Highlights• In 2 predominantly black dialysis clinics, women were less likely to want to undergo living donor kidney transplantation compared with men, despite being more likely than men to receive unsolicited offers for kidney transplants from family and friends. • Women were also less likely to have been evaluated for a kidney transplant.
A kidney transplant from a living donor is the best treatment option for patients with kidney failure.
Newswise — Washington, DC (August 14, 2014) — Among black kidney failure patients undergoing dialysis, women are much less likely than men to want to receive kidney transplants from living donors, despite more offers from family and friends. The findings, which are from a study appearing in an upcoming issue of the Clinical Journal of the American Society of Nephrology (CJASN), suggest that interventions are needed to increase women’s acceptance of living donor kidney transplantation.
Living donor kidney transplantation is the treatment of choice for patients with kidney failure, but disparities exist among certain groups including blacks and women. Recent research into such disparities has focused primarily at the transplant clinic level, but disparities might be underestimated when only patients undergoing transplant evaluations are studied.
For this reason, Avrum Gillespie, MD (Temple University School of Medicine) and his colleagues looked for disparities in dialysis clinics and included patients both potentially eligible and ineligible for receiving a transplant. “Information gained about the concerns and attitudes of hemodialysis patients regarding living donor kidney transplantation might help us develop targeted interventions designed to alleviate some existing disparities,” said Dr. Gillespie.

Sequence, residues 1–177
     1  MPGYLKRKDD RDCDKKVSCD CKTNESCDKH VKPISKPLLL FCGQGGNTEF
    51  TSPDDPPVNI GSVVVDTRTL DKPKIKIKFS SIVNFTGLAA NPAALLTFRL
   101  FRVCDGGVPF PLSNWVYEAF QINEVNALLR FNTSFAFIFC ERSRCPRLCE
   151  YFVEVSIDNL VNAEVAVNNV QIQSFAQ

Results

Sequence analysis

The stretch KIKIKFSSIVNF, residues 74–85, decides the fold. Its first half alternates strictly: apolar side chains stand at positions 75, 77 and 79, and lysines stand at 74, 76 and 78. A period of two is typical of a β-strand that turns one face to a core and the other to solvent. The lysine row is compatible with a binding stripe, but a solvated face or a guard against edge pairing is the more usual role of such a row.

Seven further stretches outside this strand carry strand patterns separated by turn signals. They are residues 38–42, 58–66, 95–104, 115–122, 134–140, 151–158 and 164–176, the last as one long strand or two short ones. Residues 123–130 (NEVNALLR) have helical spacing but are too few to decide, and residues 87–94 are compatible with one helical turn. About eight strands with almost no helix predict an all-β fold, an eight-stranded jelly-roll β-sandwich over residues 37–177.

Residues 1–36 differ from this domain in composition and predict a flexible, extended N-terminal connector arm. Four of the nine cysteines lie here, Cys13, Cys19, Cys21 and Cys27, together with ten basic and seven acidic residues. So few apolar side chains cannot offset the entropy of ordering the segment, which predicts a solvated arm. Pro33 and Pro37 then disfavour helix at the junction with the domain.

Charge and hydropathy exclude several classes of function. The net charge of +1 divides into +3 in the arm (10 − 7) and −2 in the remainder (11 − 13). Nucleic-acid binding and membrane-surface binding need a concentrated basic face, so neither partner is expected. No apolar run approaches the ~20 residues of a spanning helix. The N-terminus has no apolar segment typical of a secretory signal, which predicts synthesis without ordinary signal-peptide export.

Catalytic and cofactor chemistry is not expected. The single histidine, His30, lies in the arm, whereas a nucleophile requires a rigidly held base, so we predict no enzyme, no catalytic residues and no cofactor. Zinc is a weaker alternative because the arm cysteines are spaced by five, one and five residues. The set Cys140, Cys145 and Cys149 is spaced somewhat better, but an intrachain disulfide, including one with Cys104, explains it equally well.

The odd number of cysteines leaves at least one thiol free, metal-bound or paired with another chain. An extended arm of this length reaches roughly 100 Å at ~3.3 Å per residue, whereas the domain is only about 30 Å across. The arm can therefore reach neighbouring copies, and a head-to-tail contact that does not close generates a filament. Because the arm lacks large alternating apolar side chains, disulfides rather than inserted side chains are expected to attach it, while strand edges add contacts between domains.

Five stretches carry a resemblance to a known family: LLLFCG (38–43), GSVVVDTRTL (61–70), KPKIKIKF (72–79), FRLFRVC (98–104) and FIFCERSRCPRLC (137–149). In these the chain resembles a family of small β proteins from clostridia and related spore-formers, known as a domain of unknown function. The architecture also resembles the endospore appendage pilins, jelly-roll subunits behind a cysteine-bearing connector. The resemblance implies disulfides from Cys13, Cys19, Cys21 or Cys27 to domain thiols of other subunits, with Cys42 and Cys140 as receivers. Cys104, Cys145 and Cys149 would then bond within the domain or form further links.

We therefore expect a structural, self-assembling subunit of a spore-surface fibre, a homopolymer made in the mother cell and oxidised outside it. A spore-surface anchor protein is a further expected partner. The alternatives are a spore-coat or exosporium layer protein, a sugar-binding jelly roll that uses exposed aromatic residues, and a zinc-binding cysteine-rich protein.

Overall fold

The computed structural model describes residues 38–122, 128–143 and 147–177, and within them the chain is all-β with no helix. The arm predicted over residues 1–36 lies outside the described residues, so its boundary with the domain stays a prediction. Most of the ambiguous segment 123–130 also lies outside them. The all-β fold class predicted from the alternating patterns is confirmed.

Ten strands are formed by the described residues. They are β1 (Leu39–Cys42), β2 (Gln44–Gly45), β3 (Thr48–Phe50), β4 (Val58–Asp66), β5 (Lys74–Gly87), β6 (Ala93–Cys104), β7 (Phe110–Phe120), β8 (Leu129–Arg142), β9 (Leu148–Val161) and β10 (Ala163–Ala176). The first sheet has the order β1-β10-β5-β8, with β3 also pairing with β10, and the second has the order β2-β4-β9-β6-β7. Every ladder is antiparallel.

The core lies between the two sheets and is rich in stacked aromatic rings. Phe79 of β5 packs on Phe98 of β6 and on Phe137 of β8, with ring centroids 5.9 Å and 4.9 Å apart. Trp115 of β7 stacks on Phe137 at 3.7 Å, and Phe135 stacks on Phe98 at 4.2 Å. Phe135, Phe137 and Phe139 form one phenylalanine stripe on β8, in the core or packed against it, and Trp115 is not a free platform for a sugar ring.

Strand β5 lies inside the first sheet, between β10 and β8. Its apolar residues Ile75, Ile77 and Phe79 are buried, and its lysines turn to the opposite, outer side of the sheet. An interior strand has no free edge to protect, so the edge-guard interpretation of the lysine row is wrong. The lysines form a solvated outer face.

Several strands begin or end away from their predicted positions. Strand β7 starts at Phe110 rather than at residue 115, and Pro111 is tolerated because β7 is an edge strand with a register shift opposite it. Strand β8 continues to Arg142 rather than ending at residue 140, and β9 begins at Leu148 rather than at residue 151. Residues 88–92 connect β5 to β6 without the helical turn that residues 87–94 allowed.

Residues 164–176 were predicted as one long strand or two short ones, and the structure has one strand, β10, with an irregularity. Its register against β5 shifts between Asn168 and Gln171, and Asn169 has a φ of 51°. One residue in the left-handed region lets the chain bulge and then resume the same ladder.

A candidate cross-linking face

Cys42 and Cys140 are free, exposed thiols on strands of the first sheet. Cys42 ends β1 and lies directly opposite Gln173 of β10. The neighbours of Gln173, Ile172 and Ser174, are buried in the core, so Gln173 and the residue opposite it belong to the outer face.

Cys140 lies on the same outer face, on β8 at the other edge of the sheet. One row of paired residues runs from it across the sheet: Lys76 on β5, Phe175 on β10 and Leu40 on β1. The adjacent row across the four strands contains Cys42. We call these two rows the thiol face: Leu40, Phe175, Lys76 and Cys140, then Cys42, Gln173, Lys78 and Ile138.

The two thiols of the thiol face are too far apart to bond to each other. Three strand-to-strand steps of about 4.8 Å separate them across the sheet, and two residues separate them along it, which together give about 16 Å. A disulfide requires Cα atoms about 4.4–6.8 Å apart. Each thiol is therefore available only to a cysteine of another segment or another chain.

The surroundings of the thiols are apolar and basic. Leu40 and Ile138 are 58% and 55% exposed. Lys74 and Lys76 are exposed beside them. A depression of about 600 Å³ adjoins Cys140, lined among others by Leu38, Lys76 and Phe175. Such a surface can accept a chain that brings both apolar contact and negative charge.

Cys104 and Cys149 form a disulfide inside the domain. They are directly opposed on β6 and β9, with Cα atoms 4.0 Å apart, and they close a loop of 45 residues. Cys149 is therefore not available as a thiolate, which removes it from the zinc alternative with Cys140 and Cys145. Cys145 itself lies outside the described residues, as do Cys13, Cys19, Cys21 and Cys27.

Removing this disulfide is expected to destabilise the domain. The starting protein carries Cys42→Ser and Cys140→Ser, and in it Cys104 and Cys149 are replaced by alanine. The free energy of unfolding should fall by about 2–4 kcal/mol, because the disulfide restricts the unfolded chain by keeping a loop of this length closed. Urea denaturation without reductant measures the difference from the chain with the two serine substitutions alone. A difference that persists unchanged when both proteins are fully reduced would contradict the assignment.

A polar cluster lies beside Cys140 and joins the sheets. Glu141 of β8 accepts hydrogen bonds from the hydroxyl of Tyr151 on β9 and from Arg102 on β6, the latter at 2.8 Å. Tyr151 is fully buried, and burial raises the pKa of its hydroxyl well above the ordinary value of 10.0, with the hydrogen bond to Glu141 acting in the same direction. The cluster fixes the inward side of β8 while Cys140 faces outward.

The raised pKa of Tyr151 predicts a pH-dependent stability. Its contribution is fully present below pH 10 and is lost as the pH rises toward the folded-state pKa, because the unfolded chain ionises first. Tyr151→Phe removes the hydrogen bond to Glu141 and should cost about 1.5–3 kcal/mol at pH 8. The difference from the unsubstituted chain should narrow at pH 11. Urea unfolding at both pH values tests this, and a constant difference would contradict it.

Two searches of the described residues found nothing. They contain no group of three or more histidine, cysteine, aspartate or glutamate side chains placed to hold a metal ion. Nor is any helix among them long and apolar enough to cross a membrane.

The research team administered a transplant questionnaire to 116 patients in two urban, predominantly black hemodialysis units. Among the major findings:
• Women were less likely to want to undergo living donor kidney transplantation compared with men (58.5% vs 87.5%) despite being nearly twice as likely as men to receive unsolicited offers for kidney transplants from family and friends (73.2% vs 43.2%). • Women were also less likely to have been evaluated for a kidney transplant (28.3% vs 52.2%). • After controlling for various factors known to influence transplant decisions, women were 87% less likely to want to undergo living donor kidney transplantation than men.
“To help improve the gender disparities in living donor kidney transplantation, future work is needed to learn how to support and encourage women to accept transplants,” said Dr. Gillespie.
Study co-authors include Heather Hammer, PhD, Stanislav Kolenikov, PhD, Athanasia Polychronopoulou, MS, Vladimir Ouzienko, PhD, Zoran Obradovic, PhD, Megan Urbanski, MSW, Teri Browne, PhD, Patricio Silva, MD.
Disclosures: Dr. Gillespie has a Norman S. Coplon Satellite Healthcare Foundation Grant to study Hemodialysis Patient Social Networks.
The article, entitled “Sex Differences and Attitudes toward Living Donor Kidney Transplantation among Urban Black Patients on Hemodialysis,” will appear online at http://cjasn.asnjournals.org/ on August 14, 2014.
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